UK - Consultants are split over the viability of a popular US-style DC plan partly based on company profit.
The plan uses a standard DC vehicle as its base – with fixed contribution rates by staff and employer. Additional payments into the scheme are based on company results.
Society of Pensions Consultants president Donald Duval said companies operating this type of plan can avoid being taxed on the bonus payments which will be directed straight to the pension scheme.
Employees would also miss a National Insurance levy by channelling extra pay into a pensions vehicle.
Duval said there was a lot of discussion among UK consultants surrounding the DC hybrid schemes which are fashionable in the US.
But he warned that simply taking a US-style DC plan and applying it to the UK workplace was not always a route to success.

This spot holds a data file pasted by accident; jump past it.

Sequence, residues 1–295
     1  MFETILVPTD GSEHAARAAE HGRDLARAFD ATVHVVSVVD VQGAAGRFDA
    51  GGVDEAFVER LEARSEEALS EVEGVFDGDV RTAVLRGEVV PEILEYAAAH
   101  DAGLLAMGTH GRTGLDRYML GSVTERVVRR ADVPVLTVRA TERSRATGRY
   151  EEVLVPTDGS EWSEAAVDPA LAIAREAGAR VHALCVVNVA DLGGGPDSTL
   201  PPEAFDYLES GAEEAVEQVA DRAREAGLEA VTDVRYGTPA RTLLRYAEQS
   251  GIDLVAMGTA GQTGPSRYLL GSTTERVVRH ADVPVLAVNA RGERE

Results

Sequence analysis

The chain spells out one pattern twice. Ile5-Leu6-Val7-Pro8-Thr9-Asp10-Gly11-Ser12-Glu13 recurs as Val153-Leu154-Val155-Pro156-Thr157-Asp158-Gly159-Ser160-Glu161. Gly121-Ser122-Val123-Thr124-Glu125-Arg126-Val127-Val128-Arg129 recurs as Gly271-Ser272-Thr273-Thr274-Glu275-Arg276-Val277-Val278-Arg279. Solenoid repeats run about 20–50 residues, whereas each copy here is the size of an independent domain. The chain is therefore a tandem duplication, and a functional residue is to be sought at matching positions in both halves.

“In the US it is easier to get access to your money than it is here, and people regard pension schemes more as general savings, rather than specifically pensions.”
And Watson Wyatt senior consultant Andrew Cheseldine doubted whether the arrangement would have the “motivational effect that you get when you have bonus-related cash payments”.
Jardine Lloyd Thompson technical director June McIntosh – who is actively approaching the performance-related DC plan – said UK pension funds typically followed by example.
But she added: “There are not many companies that will do anything terribly innovative.
“Straying into something more adventurous is not the norm at the moment.”
Canadian manufacturer St Gobain’s UK subsidiary is one of a handful of employers currently running this type of DC plan.
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